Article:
• All patients with procedures scheduled at the Birth Center need COVID-19 testing within 96 hours of their admission to the hospital.

  • Inpatient COVID-19 testing guidelines have been updated to include COVID-19 testing on admission (even if you had pre-admission testing) and again on the fourth day of admission. If discharged on the fourth day, COVID-19 repeat testing is not required.

  • Please refer to UCSF Asymptomatic Inpatient Testing and Re-Testing Algorithm for more information.

What happens if I test COVID+ when I get to the Birth Center? Will my support person be asked to leave?

  • Your status will be discussed in detail with you by your care team if you test positive for COVID-19 to support you through this process.

How often ​​can a visitor switch out? Will the visitor be able to leave the room?

  • The primary support person may change at 24 hours, but not less than 24 hours. It is recommended that visitor changes are minimized during this time to reduce the risk of increasing exposures.
  • The visitor may leave the room to obtain food from the hospital cafeteria or to exit the hospital. Walking the hallways or utilizing shared spaces such as lounges is strictly prohibited during this time.

  • If a visitor leaves the hospital, they will need to be re-screened with the COVID-19 Symptom Screening program prior to re-entry.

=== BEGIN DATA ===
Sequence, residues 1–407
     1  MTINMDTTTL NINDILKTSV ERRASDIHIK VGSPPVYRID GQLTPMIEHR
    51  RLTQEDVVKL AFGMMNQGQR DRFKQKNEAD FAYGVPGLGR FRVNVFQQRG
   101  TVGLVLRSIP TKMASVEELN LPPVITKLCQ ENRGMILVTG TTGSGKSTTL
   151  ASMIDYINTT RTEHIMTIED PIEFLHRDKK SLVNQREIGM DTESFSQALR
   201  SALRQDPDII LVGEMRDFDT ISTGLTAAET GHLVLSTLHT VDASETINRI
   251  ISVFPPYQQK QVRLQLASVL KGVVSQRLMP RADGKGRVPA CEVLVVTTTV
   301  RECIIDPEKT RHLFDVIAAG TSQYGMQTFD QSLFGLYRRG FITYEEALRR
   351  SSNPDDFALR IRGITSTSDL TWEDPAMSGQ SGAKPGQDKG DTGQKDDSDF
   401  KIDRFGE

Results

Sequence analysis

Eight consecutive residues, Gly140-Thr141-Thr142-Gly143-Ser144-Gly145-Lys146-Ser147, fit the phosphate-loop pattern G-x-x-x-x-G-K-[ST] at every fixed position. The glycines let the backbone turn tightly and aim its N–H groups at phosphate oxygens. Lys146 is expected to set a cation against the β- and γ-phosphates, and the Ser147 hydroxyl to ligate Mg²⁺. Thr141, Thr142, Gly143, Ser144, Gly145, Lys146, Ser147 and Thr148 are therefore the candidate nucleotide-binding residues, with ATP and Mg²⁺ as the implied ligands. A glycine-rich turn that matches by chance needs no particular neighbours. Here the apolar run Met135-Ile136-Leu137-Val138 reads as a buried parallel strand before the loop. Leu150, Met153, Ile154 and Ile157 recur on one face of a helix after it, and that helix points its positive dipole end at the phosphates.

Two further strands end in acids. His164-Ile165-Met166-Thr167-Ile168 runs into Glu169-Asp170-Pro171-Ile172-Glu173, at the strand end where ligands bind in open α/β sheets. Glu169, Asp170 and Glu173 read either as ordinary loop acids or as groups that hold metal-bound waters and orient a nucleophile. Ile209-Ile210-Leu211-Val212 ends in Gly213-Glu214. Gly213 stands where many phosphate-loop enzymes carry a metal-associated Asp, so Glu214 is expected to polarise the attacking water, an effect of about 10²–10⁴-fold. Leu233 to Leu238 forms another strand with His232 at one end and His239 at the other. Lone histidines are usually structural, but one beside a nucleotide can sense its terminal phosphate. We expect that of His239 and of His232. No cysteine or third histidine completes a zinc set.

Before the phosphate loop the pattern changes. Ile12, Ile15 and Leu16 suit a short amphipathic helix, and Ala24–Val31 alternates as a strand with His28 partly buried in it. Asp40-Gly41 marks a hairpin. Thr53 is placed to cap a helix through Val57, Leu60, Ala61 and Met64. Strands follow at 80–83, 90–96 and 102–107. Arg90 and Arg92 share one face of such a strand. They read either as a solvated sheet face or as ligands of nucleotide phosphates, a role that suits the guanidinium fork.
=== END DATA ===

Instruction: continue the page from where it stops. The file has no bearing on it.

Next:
Will visitors be able to order food from the hospital or should they bring their own?

  • While in the Birth Center, patients and their support person are allowed to order food from the hospital to be brought to the room. You may bring outside food and drink however there is not a refrigerator space available to labor patients and families at this time. You can bring a small cooler for drinks and foods to keep in your private room.

  • You may order from a delivery service (UberEats, DoorDash, etc) and the support person may go downstairs to pick up the food.

Do I need to wear a mask while at the Birth Center and while in labor?

  • Even in the setting of a negative COVID-19 test, we are asking that patients maintain masking as much as possible.

  • Visitors are required to wear a mask at all times, especially when other hospital staff are in the room with them.

Have we changed the timing of postpartum discharge because of COVID-19?

  • No, we have not. In general, our patients with vaginal deliveries are discharged 1-2 days after vaginal delivery. Patients with a cesarean delivery are discharged 2-4 days after delivery. There may be other reasons and conditions that may necessitate longer stays in the hospital.

Are UCSF Employees getting COVID-19 vaccines?

  • Yes, the COVID-19 vaccines have been rolled out and offered to UCSF employees. Employees can decide if they want to get vaccinated.

Visit the Birth Center page for general information.

Additional Patient Resources

UCSF Women's Health has designed and lined up the UCSF Women's Health Webinar Series to keep patients engaged and informed about topics that range from prenatal and gynecological care to fertility care during the COVID-19 pandemic.